Jamie Crain |

Starting a Victory Garden

Starting a Victory Garden
Rise Gardens

With the COVID-19 pandemic, we’ve seen the resurgence of victory gardens and we thought we would spend a little time walking through what they are and how to garden successfully.

Rise Gardens

First things first, what is a victory garden?

They were vegetable, herb, and fruit gardens planted at homes and public parks throughout the country during World Wars I and II. Governments encouraged residents to plant these victory gardens as a way to supplement their rations but they also had an added bonus: they boosted morale. These gardens reduced pressure on the food supply and aided in ensuring the troops had enough food during these wars.

The side effect of being a morale booster also kept people a little happier in such difficult times. Gardening is proven to have so many physical and mental benefits so it’s not a shock to us. Gardeners felt empowered by their contributions and victory gardens were incorporated into daily life.

During the first wave of the pandemic this year, the popularity of victory gardens once again rose in order to reduce the amount of grocery trips a family made but also because there were contamination scares and factories shut down disrupting the food supply chain. Also, many farmer’s markets were delayed from opening and some may not return at all this year.

Food security is also a rising concern with the record-high unemployment rates. While the first wave of the pandemic seems to be over, we are seeing a resurgence and are likely to have at least one or two more waves. Hence, the continued popularity of gardening and victory gardens.

Gardening takes a little forethought and planning but a family can easily eat the produce they grow in the summer while canning, freezing, and preserving extra produce for use throughout the fall and winter.

How do I start a victory garden?

If you have space on your property to grow a garden, you can quickly get started. You simply plan the garden (how much space you want to allocate and where), pick your plants and seeds, plant them, water, occasionally weed the garden, and enjoy the fruits of your labor.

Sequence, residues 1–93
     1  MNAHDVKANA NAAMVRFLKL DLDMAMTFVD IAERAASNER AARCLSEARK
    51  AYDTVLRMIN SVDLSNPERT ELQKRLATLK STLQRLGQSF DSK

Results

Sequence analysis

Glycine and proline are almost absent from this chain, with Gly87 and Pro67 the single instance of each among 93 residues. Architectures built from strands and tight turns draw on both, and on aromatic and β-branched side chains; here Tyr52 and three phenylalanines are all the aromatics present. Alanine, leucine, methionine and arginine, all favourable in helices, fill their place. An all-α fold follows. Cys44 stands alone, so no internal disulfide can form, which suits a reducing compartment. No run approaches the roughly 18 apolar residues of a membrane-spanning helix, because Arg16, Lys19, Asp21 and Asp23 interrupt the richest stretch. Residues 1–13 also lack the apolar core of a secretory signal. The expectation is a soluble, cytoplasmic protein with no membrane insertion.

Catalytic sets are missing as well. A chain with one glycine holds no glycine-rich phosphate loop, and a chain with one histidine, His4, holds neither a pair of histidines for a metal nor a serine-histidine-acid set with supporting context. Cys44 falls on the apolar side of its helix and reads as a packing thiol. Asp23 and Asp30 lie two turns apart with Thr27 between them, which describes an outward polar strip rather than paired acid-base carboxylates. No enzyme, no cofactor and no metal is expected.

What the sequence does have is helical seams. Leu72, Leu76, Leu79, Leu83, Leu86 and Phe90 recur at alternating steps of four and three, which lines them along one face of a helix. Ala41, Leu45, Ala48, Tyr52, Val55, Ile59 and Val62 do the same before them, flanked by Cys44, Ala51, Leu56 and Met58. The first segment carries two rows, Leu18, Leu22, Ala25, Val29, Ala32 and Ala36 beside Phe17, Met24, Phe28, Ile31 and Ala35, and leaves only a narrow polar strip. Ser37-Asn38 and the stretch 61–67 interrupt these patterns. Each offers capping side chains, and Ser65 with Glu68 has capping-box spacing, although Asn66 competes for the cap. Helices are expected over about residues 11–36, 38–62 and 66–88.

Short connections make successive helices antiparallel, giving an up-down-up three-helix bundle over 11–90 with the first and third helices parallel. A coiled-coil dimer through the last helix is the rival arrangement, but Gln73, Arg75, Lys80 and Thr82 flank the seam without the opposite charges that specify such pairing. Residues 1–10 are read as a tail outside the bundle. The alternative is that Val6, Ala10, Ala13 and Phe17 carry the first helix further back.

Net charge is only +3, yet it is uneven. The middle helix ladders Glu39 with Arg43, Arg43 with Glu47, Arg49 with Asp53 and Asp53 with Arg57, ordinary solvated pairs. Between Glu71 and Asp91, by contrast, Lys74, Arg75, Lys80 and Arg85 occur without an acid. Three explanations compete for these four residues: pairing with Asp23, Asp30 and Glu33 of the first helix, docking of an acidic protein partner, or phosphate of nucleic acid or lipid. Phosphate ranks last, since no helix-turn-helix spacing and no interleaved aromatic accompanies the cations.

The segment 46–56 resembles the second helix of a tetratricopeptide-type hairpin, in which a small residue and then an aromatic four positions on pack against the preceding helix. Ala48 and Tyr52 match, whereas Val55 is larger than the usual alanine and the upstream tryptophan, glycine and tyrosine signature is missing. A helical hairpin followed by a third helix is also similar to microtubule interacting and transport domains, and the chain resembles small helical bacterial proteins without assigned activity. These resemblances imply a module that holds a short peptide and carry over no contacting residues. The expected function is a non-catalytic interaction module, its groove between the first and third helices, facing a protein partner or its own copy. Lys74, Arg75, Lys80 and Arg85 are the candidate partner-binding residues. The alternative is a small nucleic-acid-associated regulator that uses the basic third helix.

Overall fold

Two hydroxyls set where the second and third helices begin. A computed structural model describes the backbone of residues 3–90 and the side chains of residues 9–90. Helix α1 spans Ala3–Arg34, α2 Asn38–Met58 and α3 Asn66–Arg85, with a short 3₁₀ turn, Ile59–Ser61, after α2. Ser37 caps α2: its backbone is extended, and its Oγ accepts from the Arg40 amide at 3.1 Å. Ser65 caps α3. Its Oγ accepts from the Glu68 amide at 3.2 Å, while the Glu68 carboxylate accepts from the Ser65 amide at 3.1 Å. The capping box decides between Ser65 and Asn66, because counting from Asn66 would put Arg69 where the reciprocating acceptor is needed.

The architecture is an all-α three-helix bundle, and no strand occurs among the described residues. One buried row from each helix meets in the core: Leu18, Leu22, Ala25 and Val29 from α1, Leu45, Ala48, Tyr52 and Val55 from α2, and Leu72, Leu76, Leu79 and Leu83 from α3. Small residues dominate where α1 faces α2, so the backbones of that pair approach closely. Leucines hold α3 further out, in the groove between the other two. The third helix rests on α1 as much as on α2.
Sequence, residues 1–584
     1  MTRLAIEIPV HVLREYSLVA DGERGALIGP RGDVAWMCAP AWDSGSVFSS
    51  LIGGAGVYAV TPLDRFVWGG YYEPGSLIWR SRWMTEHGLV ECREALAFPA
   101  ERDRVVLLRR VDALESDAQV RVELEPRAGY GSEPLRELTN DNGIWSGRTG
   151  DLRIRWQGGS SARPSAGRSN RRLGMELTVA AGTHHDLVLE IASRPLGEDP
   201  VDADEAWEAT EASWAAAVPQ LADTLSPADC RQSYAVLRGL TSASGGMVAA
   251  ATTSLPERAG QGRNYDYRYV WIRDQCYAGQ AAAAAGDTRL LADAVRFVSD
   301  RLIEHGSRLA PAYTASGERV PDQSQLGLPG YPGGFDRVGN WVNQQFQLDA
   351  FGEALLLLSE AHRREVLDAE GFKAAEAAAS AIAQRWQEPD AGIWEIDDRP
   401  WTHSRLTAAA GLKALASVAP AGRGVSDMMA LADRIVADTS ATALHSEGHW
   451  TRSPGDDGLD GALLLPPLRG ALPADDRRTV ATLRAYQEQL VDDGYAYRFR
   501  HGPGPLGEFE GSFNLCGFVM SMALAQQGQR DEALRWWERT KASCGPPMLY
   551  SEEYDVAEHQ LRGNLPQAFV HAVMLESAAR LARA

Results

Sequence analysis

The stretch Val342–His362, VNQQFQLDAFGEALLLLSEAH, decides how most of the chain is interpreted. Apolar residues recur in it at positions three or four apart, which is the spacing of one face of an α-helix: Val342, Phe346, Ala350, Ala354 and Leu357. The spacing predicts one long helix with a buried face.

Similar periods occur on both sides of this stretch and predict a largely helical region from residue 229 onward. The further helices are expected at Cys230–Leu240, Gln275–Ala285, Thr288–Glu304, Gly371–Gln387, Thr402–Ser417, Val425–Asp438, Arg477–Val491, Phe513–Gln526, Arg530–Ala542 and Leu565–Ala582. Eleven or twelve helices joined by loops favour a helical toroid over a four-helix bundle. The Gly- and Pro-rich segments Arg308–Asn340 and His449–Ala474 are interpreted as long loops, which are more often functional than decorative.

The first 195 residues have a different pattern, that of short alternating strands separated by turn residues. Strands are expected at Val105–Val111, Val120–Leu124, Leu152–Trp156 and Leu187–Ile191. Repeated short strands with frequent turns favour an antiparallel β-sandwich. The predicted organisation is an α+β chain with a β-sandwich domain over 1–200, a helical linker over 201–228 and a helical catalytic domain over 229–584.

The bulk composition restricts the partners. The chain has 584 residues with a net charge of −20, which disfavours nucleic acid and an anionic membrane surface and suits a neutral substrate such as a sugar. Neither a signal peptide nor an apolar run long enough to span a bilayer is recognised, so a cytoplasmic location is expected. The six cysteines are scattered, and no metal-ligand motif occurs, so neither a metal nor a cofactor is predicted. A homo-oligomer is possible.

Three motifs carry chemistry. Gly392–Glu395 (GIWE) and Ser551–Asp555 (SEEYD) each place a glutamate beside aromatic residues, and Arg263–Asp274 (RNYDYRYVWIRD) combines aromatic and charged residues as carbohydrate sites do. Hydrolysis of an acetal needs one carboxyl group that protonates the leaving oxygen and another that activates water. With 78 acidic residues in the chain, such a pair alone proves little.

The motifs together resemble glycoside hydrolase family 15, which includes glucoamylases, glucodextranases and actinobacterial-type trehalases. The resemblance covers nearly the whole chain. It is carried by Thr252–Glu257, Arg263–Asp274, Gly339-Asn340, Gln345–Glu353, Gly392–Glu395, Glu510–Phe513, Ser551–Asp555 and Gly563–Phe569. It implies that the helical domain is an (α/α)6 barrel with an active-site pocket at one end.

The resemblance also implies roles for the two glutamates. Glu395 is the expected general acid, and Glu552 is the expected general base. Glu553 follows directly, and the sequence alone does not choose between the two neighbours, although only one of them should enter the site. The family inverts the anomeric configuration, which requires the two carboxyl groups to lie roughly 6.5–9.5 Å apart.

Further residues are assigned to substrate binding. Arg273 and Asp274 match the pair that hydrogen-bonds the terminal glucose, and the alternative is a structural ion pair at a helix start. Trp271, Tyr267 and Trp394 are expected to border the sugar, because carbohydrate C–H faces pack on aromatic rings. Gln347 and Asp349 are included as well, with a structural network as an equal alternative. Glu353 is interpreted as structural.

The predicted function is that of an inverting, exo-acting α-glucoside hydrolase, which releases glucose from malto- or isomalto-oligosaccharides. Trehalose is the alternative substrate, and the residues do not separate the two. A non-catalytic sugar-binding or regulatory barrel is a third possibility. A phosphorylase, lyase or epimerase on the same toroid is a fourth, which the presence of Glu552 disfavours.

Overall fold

If you don’t have space on your own property, you can find community garden organizations like Peterson Gardens in Chicago to rent space or you can work with local community leaders to start a neighborhood garden.

What should I plant?

Foods and crops have seasons, which is why once the summer berries are gone, they’re gone! According to the Old Farmer’s Almanac, here’s a sample list of plants and what season they should be planted:

  • Spring gardens: Carrots, lettuce, kale, onion, peas, radishes.
  • Summer gardens: Basil, beans (pole, bush, and lima), corn and popcorn, cucumbers, eggplants, muskmelon, okra, peppers, pumpkin, both winter and summer squash, tomatoes, watermelon.
  • Fall and winter gardens: Beets, broccoli, cabbage, carrots, cauliflower, lettuce, kohlrabi, parsley, parsnips, radish, spinach, Swiss chard, turnips.
Rise Gardens

Victory Gardens are an easy way to have control over your food supply and increase your self-sufficiency.

I’ve never gardened before. How will I succeed?

Gardening takes a little planning and a lot of patience. However, even beginner gardeners can succeed. Here are a few tips to keep in mind as you garden:

  • Be sure to read the pot or the seed packet for instructions on sowing your seeds, whether they will need shade or direct light, and levels of watering. If they didn’t come with instructions, simply research online. There are so many resources that provide gardeners with directions to succeed for each and every plant.
  • A good rule for gardening is to monitor your soil on a daily basis. Water your garden in the morning or the evening. You don’t want to water your plants in the middle of the day or you risk burning them! If it’s super hot (think July and August) and it hasn’t rained much, you may need to water your garden more than once in a given day.
  • A note about nutrition: depending on your soil and if you are planting in the ground or in raised garden beds, you may need to use a fertilizer. There are organic options available. Composting is a great additional tactic that can add rich nutrients to your soil.
  • Insect control: This one is a little tricky but insects can be devastating to crops so you need to keep an eye out for them. If they pop up, there are plenty of organic and DIY options. However, it may take some trial and error.
  • Remember to plant your seeds like lettuce at different times so that you don’t have so much lettuce at one time and it goes bad before you get the opportunity to enjoy it.

Trial and error is part of the fun of gardening. At the end of the day, you will have something to show for all of the work and it will certainly be delicious!

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